ATLANTA— There are limits the NCAA sets determining the amount of time coaches can spend working with players during the offseasons.
There are no strict limits, however, to how much the players can work individually off the field to better themselves.
Already this offseason, several Georgia Tech Yellow Jackets have spoken with reporters about the extra time they took in recent months to further their understanding and proficiency of the coaches’ schemes.
Center Sean Bedford told a story about watching a teammate explain portions of the Yellow Jackets’ blocking patterns in a manner so complex that it likely would have completely boggled his mind two years ago when head coach Paul Johnson’s unique offense first arrived. Now, thanks to such off-field, out-of-classroom discussions, the diagrams look markedly simple to the lineman.
Then, there is the extra film study offensive and defensive linemen have reported doing, all in hopes better understanding how opponents respond to their techniques.
To see such work can only pay off.
“That’s real important. Especially in the summers, because we only have so much time we’re allowed with them,” Johnson said of such additional offseason work. “They’ve got to do some work on their own.”
With such a high level of competition throughout the team this preseason, a coaches’ observation of players taking their learning off the field can only help those who take advantage of the supplementary, voluntary work.
This year, in large part to a deeper, older team beginning to take shape, the Yellow Jackets have competitions at virtually every position. Johnson on Saturday told media that his only confirmed starters are quarterback Joshua Nesbitt and inside linebacker Brad Jefferson.
The rest of the spots are still up for grabs.
Scuffle and struggle
Tuesday afternoon’s workout may have been the toughest for Johnson to endure thus far this preseason.
In a post-practice interview session, the head coach said the Yellow Jackets seemed to be struggling to find consistency in effort and energy. While one side of the ball performed well Monday, the other side enjoyed a better practice Tuesday.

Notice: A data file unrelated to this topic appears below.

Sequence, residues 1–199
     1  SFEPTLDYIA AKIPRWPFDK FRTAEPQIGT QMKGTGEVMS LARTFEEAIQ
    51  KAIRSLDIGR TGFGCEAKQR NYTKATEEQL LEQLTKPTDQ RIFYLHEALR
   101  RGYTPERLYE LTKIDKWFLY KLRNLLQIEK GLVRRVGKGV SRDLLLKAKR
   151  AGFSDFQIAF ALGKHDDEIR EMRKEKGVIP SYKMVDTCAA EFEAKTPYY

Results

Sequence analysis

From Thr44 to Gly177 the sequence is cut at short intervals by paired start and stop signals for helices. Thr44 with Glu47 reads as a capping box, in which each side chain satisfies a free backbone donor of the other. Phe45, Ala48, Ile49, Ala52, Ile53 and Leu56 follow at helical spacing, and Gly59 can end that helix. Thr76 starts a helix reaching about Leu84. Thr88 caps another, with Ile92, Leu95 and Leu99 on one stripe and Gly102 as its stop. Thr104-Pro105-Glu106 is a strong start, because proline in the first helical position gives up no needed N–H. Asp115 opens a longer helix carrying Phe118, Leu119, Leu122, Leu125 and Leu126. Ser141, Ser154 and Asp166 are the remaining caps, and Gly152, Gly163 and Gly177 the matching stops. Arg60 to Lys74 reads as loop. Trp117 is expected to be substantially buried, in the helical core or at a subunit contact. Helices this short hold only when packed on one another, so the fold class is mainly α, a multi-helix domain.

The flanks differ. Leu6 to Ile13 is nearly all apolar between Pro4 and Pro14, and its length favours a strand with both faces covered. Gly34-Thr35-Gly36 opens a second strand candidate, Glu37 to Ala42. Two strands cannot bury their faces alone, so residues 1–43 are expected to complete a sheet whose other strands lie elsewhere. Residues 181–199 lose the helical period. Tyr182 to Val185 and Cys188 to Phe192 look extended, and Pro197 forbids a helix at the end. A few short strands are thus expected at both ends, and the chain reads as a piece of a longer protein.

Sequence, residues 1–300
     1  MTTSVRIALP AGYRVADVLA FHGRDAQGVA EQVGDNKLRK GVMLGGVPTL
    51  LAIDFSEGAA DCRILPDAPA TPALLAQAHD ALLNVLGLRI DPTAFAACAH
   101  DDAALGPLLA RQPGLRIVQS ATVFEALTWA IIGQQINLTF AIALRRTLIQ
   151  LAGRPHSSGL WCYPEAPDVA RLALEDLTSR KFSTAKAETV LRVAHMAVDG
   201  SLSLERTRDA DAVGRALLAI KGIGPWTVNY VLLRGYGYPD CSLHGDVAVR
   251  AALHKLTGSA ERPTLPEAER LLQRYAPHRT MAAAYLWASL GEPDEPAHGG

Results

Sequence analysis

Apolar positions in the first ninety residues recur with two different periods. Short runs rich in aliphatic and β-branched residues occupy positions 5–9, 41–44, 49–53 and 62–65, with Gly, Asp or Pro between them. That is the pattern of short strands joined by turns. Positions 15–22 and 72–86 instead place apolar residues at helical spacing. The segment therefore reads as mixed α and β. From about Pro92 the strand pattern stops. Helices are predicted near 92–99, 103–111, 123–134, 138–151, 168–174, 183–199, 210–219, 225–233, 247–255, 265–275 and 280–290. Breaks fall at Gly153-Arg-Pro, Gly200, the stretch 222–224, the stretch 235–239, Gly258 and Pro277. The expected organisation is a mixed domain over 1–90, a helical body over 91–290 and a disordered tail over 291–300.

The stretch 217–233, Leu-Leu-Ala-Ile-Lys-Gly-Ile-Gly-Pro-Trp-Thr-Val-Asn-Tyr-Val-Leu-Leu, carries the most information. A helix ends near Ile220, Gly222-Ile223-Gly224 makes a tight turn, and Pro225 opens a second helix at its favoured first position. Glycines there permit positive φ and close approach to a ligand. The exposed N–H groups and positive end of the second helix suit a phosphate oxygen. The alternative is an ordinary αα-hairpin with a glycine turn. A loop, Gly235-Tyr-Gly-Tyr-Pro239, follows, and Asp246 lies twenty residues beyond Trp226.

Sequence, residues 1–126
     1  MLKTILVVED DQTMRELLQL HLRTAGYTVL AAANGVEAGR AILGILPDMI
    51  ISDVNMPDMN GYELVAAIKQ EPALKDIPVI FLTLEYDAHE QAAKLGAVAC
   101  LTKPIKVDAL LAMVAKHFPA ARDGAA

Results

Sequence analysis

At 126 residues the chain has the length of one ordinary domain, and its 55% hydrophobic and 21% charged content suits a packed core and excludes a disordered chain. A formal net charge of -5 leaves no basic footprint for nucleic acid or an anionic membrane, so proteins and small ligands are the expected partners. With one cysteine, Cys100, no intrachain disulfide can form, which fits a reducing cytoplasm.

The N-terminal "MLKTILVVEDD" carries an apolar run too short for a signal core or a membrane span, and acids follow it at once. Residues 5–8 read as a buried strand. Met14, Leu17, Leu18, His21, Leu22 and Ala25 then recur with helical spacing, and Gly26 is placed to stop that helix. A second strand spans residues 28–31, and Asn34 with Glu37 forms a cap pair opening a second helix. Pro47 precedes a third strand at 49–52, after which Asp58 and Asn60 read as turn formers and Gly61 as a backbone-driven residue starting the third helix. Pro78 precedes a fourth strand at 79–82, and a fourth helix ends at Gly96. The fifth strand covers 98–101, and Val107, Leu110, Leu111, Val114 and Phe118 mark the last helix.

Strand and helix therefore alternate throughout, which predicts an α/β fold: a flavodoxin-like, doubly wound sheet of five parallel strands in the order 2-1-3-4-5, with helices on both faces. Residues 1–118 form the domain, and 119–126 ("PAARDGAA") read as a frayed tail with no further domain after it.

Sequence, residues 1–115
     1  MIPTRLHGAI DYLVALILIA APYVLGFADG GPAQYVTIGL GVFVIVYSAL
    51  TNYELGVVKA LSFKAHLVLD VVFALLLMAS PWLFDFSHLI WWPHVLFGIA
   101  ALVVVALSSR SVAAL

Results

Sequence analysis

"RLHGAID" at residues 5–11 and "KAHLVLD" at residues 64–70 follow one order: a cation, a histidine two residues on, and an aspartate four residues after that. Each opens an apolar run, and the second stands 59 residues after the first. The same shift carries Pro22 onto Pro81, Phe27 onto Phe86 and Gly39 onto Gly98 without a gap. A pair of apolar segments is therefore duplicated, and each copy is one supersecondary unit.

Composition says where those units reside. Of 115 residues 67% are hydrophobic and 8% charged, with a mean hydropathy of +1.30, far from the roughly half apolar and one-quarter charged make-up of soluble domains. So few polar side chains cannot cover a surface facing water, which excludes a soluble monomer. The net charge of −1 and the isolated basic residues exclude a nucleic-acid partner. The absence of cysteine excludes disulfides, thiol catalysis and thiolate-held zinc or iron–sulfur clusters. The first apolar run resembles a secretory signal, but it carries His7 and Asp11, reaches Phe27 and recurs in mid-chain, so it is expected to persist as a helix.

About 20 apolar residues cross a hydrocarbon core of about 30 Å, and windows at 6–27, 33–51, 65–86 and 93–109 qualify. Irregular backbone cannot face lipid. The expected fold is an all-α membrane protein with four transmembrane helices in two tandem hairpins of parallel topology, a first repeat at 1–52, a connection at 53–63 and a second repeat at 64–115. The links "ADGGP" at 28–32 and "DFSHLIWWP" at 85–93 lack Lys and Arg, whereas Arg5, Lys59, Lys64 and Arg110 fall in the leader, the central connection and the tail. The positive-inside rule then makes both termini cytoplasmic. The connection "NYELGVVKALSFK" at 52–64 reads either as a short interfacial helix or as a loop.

The near 100-degree Atlanta weather had a role to play in the players looking “sluggish” at times, he said, to be sure. But with the start of the regular season now some three weeks away, Johnson wants them to start finding a way to get completely through the mental block that such temperatures can create.
“It’ll be what it’ll be. We’ll see if we can coax them into a little higher energy level if they aren’t where we want them,” Johnson said. “We haven’t been out there a week yet, we should have pretty good energy for now. I know it’s warm.”
The heat likely led to a brief scuffle, Johnson added. He did not specify which players were involved.
Jason Peters, Georgia Tech’s junior defensive end who missed the last two practices, was back on the field Tuesday, Johnson said.
Although he practiced in a non-contact capacity, Peters is expected to compete regularly again in the coming days.
The lineman — who is slated to take over the spot former Yellow Jackets end Derrick Morgan held the past two seasons — was kept out of the last two workouts as he recovered from what Johnson on Monday called “a headache.”
Following Monday’s exercises, Peters was seen in a red no-contact jersey and wearing sunglasses and a Georgia Tech baseball hat.
True freshman defensive lineman Denzel McCoy has already missed part of the preseason with a mystery ailment of his own.
The 6-foot-3, 270-pound tackle from Lawrenceville “has a medical condition,” Johnson said and is expected to return once school starts.
Johnson was non-committal when pressed about what the condition might be.
A highly-touted lineman in high school, McCoy is one of several freshmen who was thought to be talented enough to push the defensive tackle race this preseason. Although a redshirt was likely, he still was slated to make a run for playing time there.
Random Tech fact
Only four times in school history have the Yellow Jackets posted an 11-win or better season.
In 1951, they went 11-0-1 and finished fifth in the AP and coaches’ polls. The next season, they went undefeated, going 12-0 to claim a share of the national championship. They were also ranked second nationally by both major polls. The International News Service gave them No. 1 billing that year.
Nearly a half-century later, in 1990, the Yellow Jackets stalked to another 11-0-1 finish to claim another share of a national title, their fourth championship in school history.
And last season, Georgia Tech finished 11-3, en route to an ACC championship and first-ever BCS bowl berth.
The Yellow Jackets will be taking part in their lone two-a-day practice of the preseason Wednesday, when they begin a morning session at 9:30 a.m. and then return at 3:30 p.m. for Round 2.
Johnson said they will practice in pads during the first exercises and “see how it goes.”
He declined to comment on whether the team would be in full pads both practices.